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在线翻译:
szdaily -> Weekend
Cultural films fail to take off amid box office slump
    2016-December-16  08:53    Shenzhen Daily

    CHINA’S box office experienced a summertime slump for the first time in five years as a dearth of blockbusters kept moviegoers away from the big screens.

    The film sector’s woes deepened in the third quarter too, with ticket revenues falling 16 percent from a year earlier.

    Some have attributed the slump to a slowdown in the economy. Mobile ticketing apps backed by e-commerce conglomerates have also hurt the market this year. Discounts offered by subsidies provided by the likes of Alibaba and Baidu, which accounted for as much as 10 percent of the total box office in 2015, fell by 70 percent this year, according to Nomura Holdings Inc. analyst Richard Huang.

    Yet a major reason for the China’s surprise box office decline may well be a consumer backlash against overpaid actors and overly commercial films.

    The government agrees. China’s top political advisers met in August to review a draft law that will call on the film sector to be more “centered on the people, guided by core socialist values,” according to Xinhua. It means that the future of Chinese films may be less guns blazing and more “morality and warmth.”

    All this may come as good news for certain segments of the film sector, especially domestic cultural films centered on traditional Chinese elements. But despite the seemingly promising prospects for home-grown cultural films in China, the situation remains somewhat bleak.

    One director who knows all too well how difficult it is to succeed in China with folk films is Gao Feng. His latest film, “Lao Qiang,” failed to poach disaffected movie audiences when it debuted on Dec. 2.

    The film tells the life story of the protagonist Wang Zhenzhong, an 80-year-old inheritor of laoqiang, which is an ancient form of opera originated in Shaanxi Province during the Western Han Dynasty (206 B.C.-A.D.25).

    “I was amazed by laoqiang performance when I first saw it. I love Chinese culture, so I decided to make it on the big screen for fear that the public will forget the cultural heritage,” said Gao.

    Films inspired by ancient operas might not seem like the best for commercial success amid a movie landscape dominated by Hollywood blockbusters, but Gao is under no illusions.

    “No matter what type the film is, as long as it runs on commercial platforms, it is a commercial film,” said Gao. “I use the inheritance of the art form to express human love.”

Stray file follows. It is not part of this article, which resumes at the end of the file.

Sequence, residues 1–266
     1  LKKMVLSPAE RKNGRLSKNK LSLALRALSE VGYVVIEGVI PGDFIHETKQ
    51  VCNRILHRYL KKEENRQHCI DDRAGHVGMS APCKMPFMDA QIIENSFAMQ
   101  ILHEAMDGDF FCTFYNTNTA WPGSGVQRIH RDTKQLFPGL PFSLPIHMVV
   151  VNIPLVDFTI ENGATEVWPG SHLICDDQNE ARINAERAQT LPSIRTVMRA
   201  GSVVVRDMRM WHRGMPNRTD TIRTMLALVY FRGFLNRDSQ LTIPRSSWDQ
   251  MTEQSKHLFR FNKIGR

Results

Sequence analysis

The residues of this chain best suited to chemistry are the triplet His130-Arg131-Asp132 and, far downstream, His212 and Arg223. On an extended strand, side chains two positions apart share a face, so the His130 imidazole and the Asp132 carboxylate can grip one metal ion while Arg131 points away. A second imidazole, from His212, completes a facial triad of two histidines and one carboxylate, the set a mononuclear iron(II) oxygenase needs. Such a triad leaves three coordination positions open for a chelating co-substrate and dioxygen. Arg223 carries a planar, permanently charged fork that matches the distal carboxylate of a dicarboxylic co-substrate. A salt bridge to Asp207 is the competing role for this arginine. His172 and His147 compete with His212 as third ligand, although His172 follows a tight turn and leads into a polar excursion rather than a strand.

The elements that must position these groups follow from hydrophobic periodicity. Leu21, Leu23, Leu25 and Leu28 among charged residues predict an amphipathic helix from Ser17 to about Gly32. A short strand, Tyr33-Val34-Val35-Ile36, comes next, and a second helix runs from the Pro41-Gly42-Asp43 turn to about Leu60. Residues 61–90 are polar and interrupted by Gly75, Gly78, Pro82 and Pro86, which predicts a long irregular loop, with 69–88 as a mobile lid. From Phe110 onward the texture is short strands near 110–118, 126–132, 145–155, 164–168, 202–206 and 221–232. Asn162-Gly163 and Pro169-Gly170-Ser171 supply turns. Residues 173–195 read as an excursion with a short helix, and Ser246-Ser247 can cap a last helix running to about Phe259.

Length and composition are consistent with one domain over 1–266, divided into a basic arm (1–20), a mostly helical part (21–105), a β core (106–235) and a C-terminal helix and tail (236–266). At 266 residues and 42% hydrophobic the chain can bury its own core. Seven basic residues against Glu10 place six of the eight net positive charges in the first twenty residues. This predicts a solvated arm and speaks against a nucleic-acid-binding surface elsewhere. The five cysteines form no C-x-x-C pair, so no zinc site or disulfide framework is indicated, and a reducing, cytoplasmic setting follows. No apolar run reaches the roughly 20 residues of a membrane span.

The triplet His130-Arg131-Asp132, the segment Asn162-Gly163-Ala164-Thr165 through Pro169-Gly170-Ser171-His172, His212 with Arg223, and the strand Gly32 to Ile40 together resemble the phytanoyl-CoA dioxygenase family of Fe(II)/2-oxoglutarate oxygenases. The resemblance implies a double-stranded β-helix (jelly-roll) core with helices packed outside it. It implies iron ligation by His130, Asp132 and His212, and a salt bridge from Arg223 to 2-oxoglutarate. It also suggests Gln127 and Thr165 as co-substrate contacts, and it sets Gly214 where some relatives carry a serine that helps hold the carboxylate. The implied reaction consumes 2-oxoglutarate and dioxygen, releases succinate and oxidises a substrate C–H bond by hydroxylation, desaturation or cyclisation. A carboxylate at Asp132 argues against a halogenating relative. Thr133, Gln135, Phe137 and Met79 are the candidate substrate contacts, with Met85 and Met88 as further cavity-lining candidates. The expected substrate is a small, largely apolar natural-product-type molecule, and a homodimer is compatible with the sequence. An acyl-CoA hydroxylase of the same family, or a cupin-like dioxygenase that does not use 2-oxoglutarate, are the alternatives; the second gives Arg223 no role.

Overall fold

According to Gao, cultural film makers have been working hard to integrate their works with public taste to convey their messages and aesthetic values — which is something that he intends to do with “Lao Qiang.”

    But for a movie that is palatable for Chinese audiences and picked up awards at the Montreal Film Festival and China Image Film Festival in 2014, receiving the cold shoulder is the last thing one would expect.

    The problem is not a lack of market interest, argues Gao; cinemas are to blame because they are reluctant to give way to cultural films deemed to be less profitable.

    To drive up profits, cinema chains in China tend to give priority to more lucrative films, meaning that low-budget cultural movies are being sidelined for dazzling Hollywood blockbusters and shoddy productions featuring Chinese celebrities.

    Gao hopes the Chinese film sector can learn from its French counterpart which attaches great importance to the protection of national culture and arts.

    “In the Latin Quarter in Paris, the cinemas are showing different kinds of cultural movies,” said Gao. “French cinemas are obliged to adopt a quota-based system and set aside a quarter of screenings for domestic cultural films and documentaries.”

    The policy has not only satiated those with maturing cinematic tastes, it has also helped foster a world-famous and well-respected cinema brand.

    “Cinema chains should have to assign quotas for different kinds of movies,” said Gao. “The market has different needs and cinemas can still make money by responding to various audience groups.”

    The lack of such quotas has left many cultural film producers quite literally begging for mercy.

    When “Song of the Phoenix” — a cultural film about the inheritance of the trumpet-like folk instrument suona — debuted in May, its producer, Fang Li, felt so frustrated by the “unfair treatment” received by cinema chains that he publically begged for more sessions of the film to be shown. News reports of Fang bending the knee soon emerged and went viral, saving the production from rotten tomato status.

    The future of cultural films in China remains uncertain, but Gao knows one thing for sure: he will never kneel down for the box office.

    “[Cinemas] make more room for blockbusters, but the attendance rate is not always high,” said Gao. “As long as the cinema chains improve their management and arrange the slots properly, cultural films will have a good market prospect.” (China Daily)

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